I like Halloween. For me, it’s not a morbid time focusing on death and decay, it’s a time of creativity. What other holiday allows people to dress however they want no matter how mature, professional and well-respected in the community they’re trying to be? On what other holiday can we sew together our own wardrobe and pretend to be a character we’re most definitely not. We can make up who we are or we can pretend to be a character from history, from television, from a comic book or cartoon. I view Halloween as a creative and theatrical moment in time. It’s a perfect holiday for actors and performers in general. We love it!
And contrary to what some might think, it’s not a celebration of death but a way to laugh at something that scares us more than anything else in this world. We can’t prevent our own deaths or the deaths of our loved ones but we can laugh at it. What else can we do?
So we dress up as dead people and laugh. We all know deep, down inside that someday our bodies will resemble those costumes but…ooh…we don’t want to think about that.
Winter is coming…
For most people, winter is a sad time, a time when things die…
Yes, you’re only human, but… you don’t need to look like one.
Have you ever dressed up to look like a monster, then taken a look at yourself in the mirror (or on a video?) and realized that you actually look pretty good that way? Well, I have… sort of.
Last Saturday, I (Meria/Haunted Gypsy) played guitar at the HP Lovecraft Art Show in Elmwood Village. A basement called “the Atrium” was filled with artists and their work. Yep, it was a venue filled with spooky paintings and sculptures. Monsters everywhere! Just my kind of environment. Not to be a conformist or anything, but since everyone was focused on monstrosity, I wanted to be a monster too.
It’s a land where most of us musicians gravitate toward—this Land of the Gigs.
It’s good land, but
it’s not inexpensive, and it does have its hazards. We seek it out ‘cause we like to play, and we want others to listen to us play. Not sure why, but a lot of us do. Those of us who write songs are communicating our sorrow, angst or joy. Maybe we’re telling a story. It may be personal. It may just be a silly, shallow bunch of words we put together for lyrics to make our song. But it’s our baby, that song. And we’re sharing it with you. You may not like it. Maybe it’s boring. Possibly it’s not well-written. Perhaps we shouldn’t share it with you at all? But it’s a part of us that we’re sharing with you and it’s something you won’t find anywhere else. Like a small, locally-owned family business, we undiscovered musicians are unique to your city or town. We reflect our surroundings–both our inner mental and our exterior physical environments affect our songwriting and performing. That reflection will always be unique–for better or worse. You won’t find it at Walmart and you won’t find it on corporate-consoled mainstream radio. You’ll only find it here, and if we aren’t allowed to perform publicly, you may never hear it again.
I find it inspiring to play in front of an enthused crowd, but it’s also demoralizing to play in front of an unenthused crowd.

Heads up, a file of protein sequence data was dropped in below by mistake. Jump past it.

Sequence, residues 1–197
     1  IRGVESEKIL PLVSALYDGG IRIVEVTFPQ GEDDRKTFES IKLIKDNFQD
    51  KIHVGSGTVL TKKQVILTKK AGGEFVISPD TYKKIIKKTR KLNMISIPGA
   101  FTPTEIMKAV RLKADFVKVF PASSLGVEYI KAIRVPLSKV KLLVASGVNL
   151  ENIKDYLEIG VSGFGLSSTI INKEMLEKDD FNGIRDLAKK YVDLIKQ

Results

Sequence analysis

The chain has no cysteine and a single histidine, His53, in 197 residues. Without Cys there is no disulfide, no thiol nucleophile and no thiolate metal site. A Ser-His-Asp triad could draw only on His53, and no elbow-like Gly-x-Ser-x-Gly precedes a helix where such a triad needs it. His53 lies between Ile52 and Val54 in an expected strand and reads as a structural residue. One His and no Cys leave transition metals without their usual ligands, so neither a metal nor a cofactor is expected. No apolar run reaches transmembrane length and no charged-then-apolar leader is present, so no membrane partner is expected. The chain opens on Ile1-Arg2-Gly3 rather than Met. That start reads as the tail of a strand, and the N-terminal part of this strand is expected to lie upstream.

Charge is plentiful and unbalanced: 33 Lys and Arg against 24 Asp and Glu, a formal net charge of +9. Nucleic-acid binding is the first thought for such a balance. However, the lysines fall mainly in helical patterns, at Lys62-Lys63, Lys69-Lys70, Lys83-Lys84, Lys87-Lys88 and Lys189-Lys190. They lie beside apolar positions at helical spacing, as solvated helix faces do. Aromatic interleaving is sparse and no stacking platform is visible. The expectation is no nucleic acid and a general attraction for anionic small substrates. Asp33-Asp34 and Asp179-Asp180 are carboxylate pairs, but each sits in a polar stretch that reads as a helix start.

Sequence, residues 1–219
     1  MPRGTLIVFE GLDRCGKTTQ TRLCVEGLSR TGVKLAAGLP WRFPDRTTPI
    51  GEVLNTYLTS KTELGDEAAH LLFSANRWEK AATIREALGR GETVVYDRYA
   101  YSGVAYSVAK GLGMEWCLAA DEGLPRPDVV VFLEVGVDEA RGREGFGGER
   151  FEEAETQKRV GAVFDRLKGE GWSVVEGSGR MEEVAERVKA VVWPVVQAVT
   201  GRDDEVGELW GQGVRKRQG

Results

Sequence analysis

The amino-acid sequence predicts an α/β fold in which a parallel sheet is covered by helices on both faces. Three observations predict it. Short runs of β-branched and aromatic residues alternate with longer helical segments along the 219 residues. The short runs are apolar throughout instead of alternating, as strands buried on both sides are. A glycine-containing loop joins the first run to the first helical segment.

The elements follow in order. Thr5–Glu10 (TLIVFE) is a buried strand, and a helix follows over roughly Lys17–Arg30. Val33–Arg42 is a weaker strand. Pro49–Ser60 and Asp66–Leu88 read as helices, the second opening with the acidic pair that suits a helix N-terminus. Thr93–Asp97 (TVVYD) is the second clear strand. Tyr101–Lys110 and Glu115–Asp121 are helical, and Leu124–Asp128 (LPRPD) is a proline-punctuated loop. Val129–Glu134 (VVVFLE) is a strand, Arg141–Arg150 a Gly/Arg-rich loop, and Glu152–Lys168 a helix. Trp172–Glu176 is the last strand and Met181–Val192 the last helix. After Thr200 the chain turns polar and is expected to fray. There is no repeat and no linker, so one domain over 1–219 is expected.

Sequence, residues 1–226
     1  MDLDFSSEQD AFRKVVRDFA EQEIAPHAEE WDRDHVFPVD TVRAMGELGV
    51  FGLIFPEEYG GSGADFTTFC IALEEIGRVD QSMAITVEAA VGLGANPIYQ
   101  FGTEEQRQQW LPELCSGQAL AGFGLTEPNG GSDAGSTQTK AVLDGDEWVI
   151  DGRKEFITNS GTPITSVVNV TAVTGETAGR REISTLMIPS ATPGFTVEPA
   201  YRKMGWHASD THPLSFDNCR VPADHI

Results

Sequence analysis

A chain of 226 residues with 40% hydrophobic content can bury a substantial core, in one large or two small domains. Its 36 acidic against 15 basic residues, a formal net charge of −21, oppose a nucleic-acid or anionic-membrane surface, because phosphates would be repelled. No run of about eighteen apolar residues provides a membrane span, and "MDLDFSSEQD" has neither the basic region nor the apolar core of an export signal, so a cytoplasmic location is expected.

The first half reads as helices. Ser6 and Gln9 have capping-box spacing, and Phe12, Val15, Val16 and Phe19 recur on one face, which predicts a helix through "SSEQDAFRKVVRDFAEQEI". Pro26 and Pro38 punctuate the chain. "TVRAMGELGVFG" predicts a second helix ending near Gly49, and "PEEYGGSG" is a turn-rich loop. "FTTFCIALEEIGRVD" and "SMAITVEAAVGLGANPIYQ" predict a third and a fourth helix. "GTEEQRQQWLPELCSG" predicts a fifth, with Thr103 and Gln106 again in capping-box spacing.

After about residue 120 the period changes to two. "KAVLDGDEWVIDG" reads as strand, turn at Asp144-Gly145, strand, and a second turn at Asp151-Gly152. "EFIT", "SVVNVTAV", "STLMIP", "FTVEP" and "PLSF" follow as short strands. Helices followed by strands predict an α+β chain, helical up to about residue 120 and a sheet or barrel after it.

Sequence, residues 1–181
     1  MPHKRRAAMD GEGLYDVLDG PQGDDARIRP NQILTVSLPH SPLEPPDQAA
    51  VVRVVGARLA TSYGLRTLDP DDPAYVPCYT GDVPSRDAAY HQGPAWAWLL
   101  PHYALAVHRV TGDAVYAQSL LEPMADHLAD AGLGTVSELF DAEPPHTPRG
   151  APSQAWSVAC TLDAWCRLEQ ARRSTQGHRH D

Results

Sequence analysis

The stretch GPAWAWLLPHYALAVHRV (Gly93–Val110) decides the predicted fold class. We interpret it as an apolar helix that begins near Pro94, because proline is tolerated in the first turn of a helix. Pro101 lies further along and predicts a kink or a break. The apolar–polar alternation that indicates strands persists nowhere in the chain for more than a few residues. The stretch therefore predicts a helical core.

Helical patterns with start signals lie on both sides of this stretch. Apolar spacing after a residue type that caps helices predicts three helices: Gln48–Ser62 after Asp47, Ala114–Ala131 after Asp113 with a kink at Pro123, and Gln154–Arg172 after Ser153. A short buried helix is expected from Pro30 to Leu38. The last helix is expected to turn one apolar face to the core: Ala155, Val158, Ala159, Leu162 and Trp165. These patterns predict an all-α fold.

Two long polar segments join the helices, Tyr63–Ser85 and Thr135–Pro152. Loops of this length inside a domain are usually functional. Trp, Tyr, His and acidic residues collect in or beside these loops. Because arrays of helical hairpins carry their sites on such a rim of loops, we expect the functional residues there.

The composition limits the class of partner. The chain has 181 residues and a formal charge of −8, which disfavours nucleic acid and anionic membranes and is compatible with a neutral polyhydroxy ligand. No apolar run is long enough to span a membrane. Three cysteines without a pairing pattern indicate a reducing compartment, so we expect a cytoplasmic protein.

An unenthused audience can prompt the performer to work harder at grabbing attention and pleasing a picky audience. Frankly, you the audience are casting your vote when you choose not to listen. What you’re telling the musicians and the venue is: “We don’t want to hear it, and we don’t like it!” When you choose not to see local musicians perform but to pay a lot of money to hear national acts instead you’re casting your vote for the national acts. You’re making a statement that says, “We don’t want local musicians to play at our venues. We only want to hear music performed by famous people.” Hey, that’s okay. No worries. Your choice. You like what you like, right?
Just know that you are making a choice. You are casting a vote. Just
like no one forces you to shop at Walmart when you could support local businesses instead, no one forces you to support local artists and musicians either. Do you want musicians in your area or would you rather they pack up and just go somewhere else? People, you decide. It’s all about you!
Read the rest of this absolutely titillating blog at http://www.guitargrrrl.com/blog-2/
Caffeology, a little coffee shop on Allen Street in the infamous Allentown district of Buffalo. We had a little crowd that included a few fellow infringers—actress El-the-Mime, painter John Farallo and Ms. Sophie T., among them. We also had an unexpected guest who wandered in and reminded me we were in an heavily traversed urban area exposed to a major street containing a wide cast of characters. An audience member or a heckler? She wandered in and approached me at the microphone as she invited herself to a duet. I asked her what she wanted to sing, she said, “Whatever,” so I invited her to sing “Whatever” into the microphone. She did. It went like this:
And a passable rendition of “whatever” she did slur into the mic. The scent of alcohol perfumed the air. I jokingly thanked her for “whatever-ing” into the mic but suggested this was not a good time to jam. We were performing a show for an audience after all.
Unfortunately, her inebriated state caused her to lose her balance and (accidentally?) grab me by the throat!
Okay, I’ve been accused of being too open, naïve, possibly too friendly when I shouldn’t be, but this I could not tolerate. I do need to breathe. So I removed her hand off of my throat, realizing the alcohol had just made her clumsy. I think she meant to pat me on the shoulder, maybe?
Now, if I were a celebrity (ha! ha!) the tabloids would have created all sorts of stories surrounding this. I might get asked about it in interviews.
“Did you worry about your safety, Ms. Gypsy?”
“Oh, gosh, no. I have security guards and I pay them well. And there’s my yellow belt in Karate…